An enormous tail of gas 300,000 light-years long has been detected trailing behind a galaxy. The hydrogen tail is three times the length of our own galaxy and five times longer than NGC 4569, the galaxy from which it comes. The find explains a mystery – why is NGC 4569 so depleted in hydrogen gas?
At 55 million light-years away, NGC 4569 (Messier 90) is relatively close by galactic standards, and is part of the famous Virgo cluster of galaxies. It is notable both because it is moving at 1,200 kilometers (745 miles) per second relative to that huge cluster as a whole, and because it is highly depleted in gas.
Astronomers suspected that the two facts were related, with NGC 4569 being stripped of gas in its travels. As a paper in Astronomy and Astrophysics noted, “Galaxies in rich environments are systematically different from those located in the field.” One common difference is reduced concentrations of hydrogen gas, indicating that something in the cluster strips gas from passing galaxies.
However, co-author Dr. Luca Cortese of the University of Western Australia said in a statement: “We didn’t have the smoking gun, the clear evidence of direct removal of gas from the galaxy.”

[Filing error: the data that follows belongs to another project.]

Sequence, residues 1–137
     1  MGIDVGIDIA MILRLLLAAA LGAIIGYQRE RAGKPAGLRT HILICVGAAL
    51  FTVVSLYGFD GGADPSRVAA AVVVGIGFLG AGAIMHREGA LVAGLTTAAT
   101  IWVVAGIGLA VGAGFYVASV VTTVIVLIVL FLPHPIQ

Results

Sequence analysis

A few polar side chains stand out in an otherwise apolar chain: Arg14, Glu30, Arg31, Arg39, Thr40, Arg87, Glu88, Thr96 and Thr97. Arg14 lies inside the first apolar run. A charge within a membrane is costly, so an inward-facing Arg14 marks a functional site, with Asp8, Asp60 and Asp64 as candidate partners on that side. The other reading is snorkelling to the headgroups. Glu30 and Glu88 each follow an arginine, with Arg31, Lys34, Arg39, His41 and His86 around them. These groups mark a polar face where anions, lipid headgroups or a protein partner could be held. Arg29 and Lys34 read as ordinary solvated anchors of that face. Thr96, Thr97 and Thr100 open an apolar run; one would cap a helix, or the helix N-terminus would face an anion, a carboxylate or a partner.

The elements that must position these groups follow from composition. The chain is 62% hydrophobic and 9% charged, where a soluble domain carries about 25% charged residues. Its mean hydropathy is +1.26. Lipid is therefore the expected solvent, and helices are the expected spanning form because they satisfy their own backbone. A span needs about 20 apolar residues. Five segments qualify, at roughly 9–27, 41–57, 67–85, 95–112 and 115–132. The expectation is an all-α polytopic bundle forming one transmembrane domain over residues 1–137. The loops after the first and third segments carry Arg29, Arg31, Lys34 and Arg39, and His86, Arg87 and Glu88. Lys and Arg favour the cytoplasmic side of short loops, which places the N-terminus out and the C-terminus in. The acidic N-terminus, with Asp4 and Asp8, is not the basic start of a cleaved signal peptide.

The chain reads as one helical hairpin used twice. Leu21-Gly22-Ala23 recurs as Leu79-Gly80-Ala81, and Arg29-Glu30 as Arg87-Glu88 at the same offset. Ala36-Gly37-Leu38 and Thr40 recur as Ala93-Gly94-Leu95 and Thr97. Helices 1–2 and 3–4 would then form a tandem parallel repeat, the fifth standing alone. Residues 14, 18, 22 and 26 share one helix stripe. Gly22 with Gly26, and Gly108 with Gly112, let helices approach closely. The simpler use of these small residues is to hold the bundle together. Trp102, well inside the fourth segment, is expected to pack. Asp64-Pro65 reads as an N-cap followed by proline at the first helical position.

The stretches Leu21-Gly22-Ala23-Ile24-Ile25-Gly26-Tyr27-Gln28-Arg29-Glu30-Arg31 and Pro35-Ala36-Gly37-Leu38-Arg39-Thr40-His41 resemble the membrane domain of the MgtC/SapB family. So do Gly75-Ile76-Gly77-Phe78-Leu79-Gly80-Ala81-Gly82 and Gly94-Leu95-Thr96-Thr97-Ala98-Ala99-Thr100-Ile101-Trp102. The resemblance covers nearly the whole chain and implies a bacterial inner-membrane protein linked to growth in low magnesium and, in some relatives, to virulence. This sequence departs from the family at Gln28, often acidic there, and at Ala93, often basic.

Cortese and colleagues think they have changed this. “Now, with these observations, we’ve seen a huge amount of gas that creates a stream trailing behind the galaxy for the first time,” he said. “What’s very nice is that if you measure the mass of the stream, it’s the same amount of gas that is missing from the galaxy’s disc.”
Detecting the missing hydrogen gas was a challenge because, left behind from its galaxy, there is nothing to light it up. Nevertheless, Cortese and his colleagues were able to observe it using the Canada France Hawaii Telescope, equipped with a filter to detect H-alpha radiation from ionized hydrogen.
The ionized gas is estimated to have a mass equal to 3.2 billion times that of the Sun, but no star-forming regions have been detected. This eliminates high-energy radiation from stars as a mechanism for the gas' ionization. The authors suggest several other possible ionization processes, with some evidence in favor of powerful magnetic fields.
One popular theory is that galaxies in clusters lose gas because the gravitational pull of large galaxies steals material from those that get too close. In this case, however, the authors favor the alternative explanation, blaming gas concentrations between galaxies within the cluster.
“We know that big clusters of galaxies trap a lot of hot gas,” said Cortese. “So when a galaxy enters the cluster it feels the pressure of all the gas, like when you feel the wind on your face, and that pressure is able to strip matter away from the galaxy.” The faster a galaxy like NGC 4569 is traveling compared to the gas within the cluster, the more pressure it will experience, forcing unbound hydrogen to trail behind it.